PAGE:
Fifteen questions to Pablo Piatti

Just when you thought the efficiency of the digital age would wipe out any form of time-consuming expression, illustration is enjoying a revival. Faced with increasingly perfect – and overtly retouched – images, some artists reacted by embracing the spontaneous and lively act of drawing. Pablo Piatti‘s illustrations are stylish, inviting and evocative. Whether he depicts fashion, still lifes or interiors, the Antwerp-based Argentinian has an innate sense of elegance, making his pictures timeless and beautiful.

Where were you born?

I was born in Buenos Aires and grew up there. I went to art school, but quit at the beginning of my fourth Year. I met a couple at that time who worked in Belgium. The guy was a polo player and talked me into moving there. I had wanted to get away from Argentina for a while and ended up living in Antwerp.

When did that happen?

That was in the 90s. I met Brian Redding – who launched Scapa back in the 60s – and he saw some of my drawings, which he really liked. Even though I didn’t really have the intention to work in fashion, he commissioned me to draw some images he wanted to showcase in his stores. That’s how it all began.

And how was that first experience in fashion?

It was a great learning curve. Brian’s daughter started a new line and asked me if I could design for her. I worked on seasonal collections and learnt how clothes were made, even though I didn’t have any prior knowledge in that field.

Did you keep on drawing while you were designing?

Yes, I did both at the same time.

Do you remember your very first drawings?

I was a kid, probably 5 or 6 years old. My father used to draw well and I think I learnt from him. I was never attracted by photography or film, but drawing felt instinctive for me.

I think illustration has more to do with dreams than reality. There’s something unfinished about it, which opens up your imagination.

What do you think illustration brings, which feels fresh and exciting now?

I think illustration has more to do with dreams than reality. There’s something unfinished about it, which opens up your imagination. It doesn’t try to copy reality. Illustration lets you exaggerate certain things or play with proportions. It allows you to create a whole universe around one object.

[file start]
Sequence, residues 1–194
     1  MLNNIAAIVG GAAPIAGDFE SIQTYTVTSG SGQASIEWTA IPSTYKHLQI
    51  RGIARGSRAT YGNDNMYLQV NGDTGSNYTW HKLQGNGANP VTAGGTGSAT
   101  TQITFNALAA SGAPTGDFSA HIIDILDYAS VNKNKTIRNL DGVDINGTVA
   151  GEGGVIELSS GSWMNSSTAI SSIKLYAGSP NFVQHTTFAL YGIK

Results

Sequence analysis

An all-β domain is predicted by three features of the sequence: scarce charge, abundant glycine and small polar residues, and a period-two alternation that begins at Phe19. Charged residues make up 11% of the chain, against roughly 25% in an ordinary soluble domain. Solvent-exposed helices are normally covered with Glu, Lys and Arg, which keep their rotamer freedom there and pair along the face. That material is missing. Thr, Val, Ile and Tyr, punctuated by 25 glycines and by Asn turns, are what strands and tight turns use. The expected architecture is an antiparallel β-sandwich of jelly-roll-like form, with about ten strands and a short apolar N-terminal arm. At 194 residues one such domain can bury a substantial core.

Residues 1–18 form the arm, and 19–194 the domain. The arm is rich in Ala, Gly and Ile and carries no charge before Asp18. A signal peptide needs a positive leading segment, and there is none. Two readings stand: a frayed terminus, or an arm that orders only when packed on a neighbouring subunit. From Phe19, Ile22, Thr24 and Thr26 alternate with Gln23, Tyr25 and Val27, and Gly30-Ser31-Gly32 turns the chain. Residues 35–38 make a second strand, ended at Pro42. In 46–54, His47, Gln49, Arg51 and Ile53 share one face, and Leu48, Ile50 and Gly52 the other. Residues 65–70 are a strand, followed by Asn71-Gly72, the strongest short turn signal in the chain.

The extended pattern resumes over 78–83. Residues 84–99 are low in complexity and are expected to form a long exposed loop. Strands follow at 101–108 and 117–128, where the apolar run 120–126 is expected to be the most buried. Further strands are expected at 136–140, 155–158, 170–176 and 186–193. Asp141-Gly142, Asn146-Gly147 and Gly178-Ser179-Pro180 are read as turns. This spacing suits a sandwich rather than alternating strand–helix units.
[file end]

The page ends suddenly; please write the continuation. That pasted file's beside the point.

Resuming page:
Is illustration still relevant in advertising?

It’s not so much a question of relevance, but taste. I think there’s a return to things that are handmade and imperfect. Craftsmanship has never been so important and valued, especially in the shaky context we live in.

Fashion illustration had its heyday in the late 80s and early 90s. Several illustrators -such as Mats Gustafson or François Berthoud– had their work published in magazines like Vogue or Marie-Claire. Do you think illustration offers an alternative to fashion photography?

I don’t think there is a substitute for fashion photography. I’d rather think of illustration as a way to complement or enrich images. Why not have the two working together? You can use collage or other techniques to create new effects.

Can you tell more about the accessories and animals series?

I started out with one drawing and it kept on growing. People seemed to like the series and I thought it’d be interesting to continue along the same lines. I’m currently working on jewellery drawings with birds.

What do your clients expect of you when it comes to illustration?

It depends on the people you’re dealing with. Some clients give you carte blanche and others are much more directive. They either ask for sharp and detailed drawings or let you do what you feel. I guess they’ll give you more room if they like your style.

Which projects are you currently working on?

A famous Antwerp architect asked me to illustrate a new book about his work, with drawings of his home. He wanted to mix photographs with more impressionistic images.

Is there something more poetic about illustrations then?

Yes, definitely. Illustration is more suggestive than photography.

Which elements inspire you in everyday life?

It can be anything, like plants or a landscape. I’m not focused on one particular type of object.

What about people? Do you like drawing them?

Not really. I guess they feel more anecdotal. I try to avoid faces and portraits, too. They don’t attract me at all.

Do you think drawing is more appropriate for certain compositions? I like the way you create different atmospheres in your illustrations.

Well, you certainly don’t have to ship exotic flowers to make your drawing happen. You don’t have to worry about the light either. It makes the logistical dimension easier, I guess. With drawing, it’s all in your head.